I am working my way through the Top 10 List I created for a sermon I gave on parenting adult kids.
Last week, I spent a few days working through point #10 which was "Make The Transition," and now I am going to ponder #9 for a bit, which is "Be Honest."
By "Be honest" I mean: Parents, at a certain point in our relationship with our young adult kids we might start to share our own struggles, failures, mishaps and mistakes that we experienced when we were their age.
Of course, there are all kinds of cautions with this!
No young adult wants to hear stuff that is TOO personal from their parents, because … well, just yuk.
So, make sure you are not using your kids as therapists. Share stuff that you believe will be helpful to them. Not advice, of course … because, um, see Point #10.
Let me offer a couple examples of the kind of honesty I am talking about:
- When our kids were teenage athletes and faced the inevitable failures inherent in high school sports, they loved to hear about how their dad dropped a punt during a very famous college football game and about how I swallowed what felt like half a swimming pool's worth of water in the 3rd lap of the 100 butterfly at a district swim meet which caused me to lose all oxygen to my muscles and drop from the lead to dead last.
These stories from our past helped them process their own failures and keep them in perspective. Their dad and I survived, and so would they.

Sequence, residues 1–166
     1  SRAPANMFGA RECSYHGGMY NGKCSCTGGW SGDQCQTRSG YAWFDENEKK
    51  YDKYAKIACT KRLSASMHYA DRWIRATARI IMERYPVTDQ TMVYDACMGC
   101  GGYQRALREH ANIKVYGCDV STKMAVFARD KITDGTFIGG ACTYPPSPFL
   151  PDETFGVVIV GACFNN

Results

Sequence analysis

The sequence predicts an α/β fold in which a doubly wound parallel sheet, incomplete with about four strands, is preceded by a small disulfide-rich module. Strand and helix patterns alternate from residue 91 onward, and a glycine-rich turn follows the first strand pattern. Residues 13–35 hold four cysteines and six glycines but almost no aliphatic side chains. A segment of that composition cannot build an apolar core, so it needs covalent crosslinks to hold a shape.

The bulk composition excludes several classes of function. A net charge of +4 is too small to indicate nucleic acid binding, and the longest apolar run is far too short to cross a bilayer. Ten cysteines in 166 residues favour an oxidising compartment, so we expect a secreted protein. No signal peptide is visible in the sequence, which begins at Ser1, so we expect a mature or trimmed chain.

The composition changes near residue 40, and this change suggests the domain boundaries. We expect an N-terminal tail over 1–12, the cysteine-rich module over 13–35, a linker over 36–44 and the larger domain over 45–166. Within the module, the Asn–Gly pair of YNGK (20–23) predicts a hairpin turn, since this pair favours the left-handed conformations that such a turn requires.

- As I mentioned in my teaching, our adult kids have relished knowing that their dad and I did not skate through our 20's easily, always knowing what path we should take, never stumbling, never doubting our choices, never feeling despair over our lives. They love the story of their dad staring up into the night sky as he pondered what the heck he was supposed to do with his life (he was 23 years old at the time). They take comfort in the fact that I did not figure out what I was good at until I was 35. These stories of our confusion help them realize they are not alone when they feel confused. They make them feel normal which, of course, they are.
Parents, don't be afraid to be honest with your adult kids about times in your life when things were less than stellar.
As my son said when he told me how important this was (and still is!) to him: "Knowing that you guys struggled makes me feel a lot less angst when I face hard times. I look at you and think, 'I can make it.'"